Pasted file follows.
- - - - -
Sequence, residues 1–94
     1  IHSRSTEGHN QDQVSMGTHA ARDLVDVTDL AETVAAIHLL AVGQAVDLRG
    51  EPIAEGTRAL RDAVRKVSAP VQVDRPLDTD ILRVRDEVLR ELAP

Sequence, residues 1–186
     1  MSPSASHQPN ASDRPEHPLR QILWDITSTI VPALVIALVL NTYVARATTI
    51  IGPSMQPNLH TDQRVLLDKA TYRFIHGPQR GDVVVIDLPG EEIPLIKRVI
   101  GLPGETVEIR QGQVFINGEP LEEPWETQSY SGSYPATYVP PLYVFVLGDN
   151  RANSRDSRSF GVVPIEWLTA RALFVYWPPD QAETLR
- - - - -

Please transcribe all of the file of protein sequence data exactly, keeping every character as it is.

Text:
Sequence, residues 1–94
     1  IHSRSTEGHN QDQVSMGTHA ARDLVDVTDL AETVAAIHLL AVGQAVDLRG
    51  EPIAEGTRAL RDAVRKVSAP VQVDRPLDTD ILRVRDEVLR ELAP

Sequence, residues 1–186
     1  MSPSASHQPN ASDRPEHPLR QILWDITSTI VPALVIALVL NTYVARATTI
    51  IGPSMQPNLH TDQRVLLDKA TYRFIHGPQR GDVVVIDLPG EEIPLIKRVI
   101  GLPGETVEIR QGQVFINGEP LEEPWETQSY SGSYPATYVP PLYVFVLGDN
   151  RANSRDSRSF GVVPIEWLTA RALFVYWPPD QAETLR